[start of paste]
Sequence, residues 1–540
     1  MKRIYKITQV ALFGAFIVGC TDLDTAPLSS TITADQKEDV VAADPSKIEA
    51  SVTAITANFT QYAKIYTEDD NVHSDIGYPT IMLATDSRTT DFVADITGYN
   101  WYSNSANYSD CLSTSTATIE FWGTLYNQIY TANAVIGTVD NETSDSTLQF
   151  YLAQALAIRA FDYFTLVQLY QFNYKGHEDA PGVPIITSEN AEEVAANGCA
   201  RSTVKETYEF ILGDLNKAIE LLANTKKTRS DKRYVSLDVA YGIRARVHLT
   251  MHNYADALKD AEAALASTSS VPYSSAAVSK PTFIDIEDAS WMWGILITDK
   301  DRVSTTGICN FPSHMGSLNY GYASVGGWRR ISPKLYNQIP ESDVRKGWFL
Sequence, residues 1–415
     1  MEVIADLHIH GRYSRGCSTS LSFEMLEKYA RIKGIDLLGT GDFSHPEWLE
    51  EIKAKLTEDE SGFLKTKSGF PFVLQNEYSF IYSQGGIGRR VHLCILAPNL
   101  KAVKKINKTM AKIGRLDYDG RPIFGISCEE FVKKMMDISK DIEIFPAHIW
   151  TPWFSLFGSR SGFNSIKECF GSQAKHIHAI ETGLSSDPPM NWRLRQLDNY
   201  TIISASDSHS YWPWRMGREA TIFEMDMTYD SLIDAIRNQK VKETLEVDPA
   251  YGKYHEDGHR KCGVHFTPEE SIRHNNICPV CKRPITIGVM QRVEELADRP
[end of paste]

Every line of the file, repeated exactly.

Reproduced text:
Sequence, residues 1–540
     1  MKRIYKITQV ALFGAFIVGC TDLDTAPLSS TITADQKEDV VAADPSKIEA
    51  SVTAITANFT QYAKIYTEDD NVHSDIGYPT IMLATDSRTT DFVADITGYN
   101  WYSNSANYSD CLSTSTATIE FWGTLYNQIY TANAVIGTVD NETSDSTLQF
   151  YLAQALAIRA FDYFTLVQLY QFNYKGHEDA PGVPIITSEN AEEVAANGCA
   201  RSTVKETYEF ILGDLNKAIE LLANTKKTRS DKRYVSLDVA YGIRARVHLT
   251  MHNYADALKD AEAALASTSS VPYSSAAVSK PTFIDIEDAS WMWGILITDK
   301  DRVSTTGICN FPSHMGSLNY GYASVGGWRR ISPKLYNQIP ESDVRKGWFL
Sequence, residues 1–415
     1  MEVIADLHIH GRYSRGCSTS LSFEMLEKYA RIKGIDLLGT GDFSHPEWLE
    51  EIKAKLTEDE SGFLKTKSGF PFVLQNEYSF IYSQGGIGRR VHLCILAPNL
   101  KAVKKINKTM AKIGRLDYDG RPIFGISCEE FVKKMMDISK DIEIFPAHIW
   151  TPWFSLFGSR SGFNSIKECF GSQAKHIHAI ETGLSSDPPM NWRLRQLDNY
   201  TIISASDSHS YWPWRMGREA TIFEMDMTYD SLIDAIRNQK VKETLEVDPA
   251  YGKYHEDGHR KCGVHFTPEE SIRHNNICPV CKRPITIGVM QRVEELADRP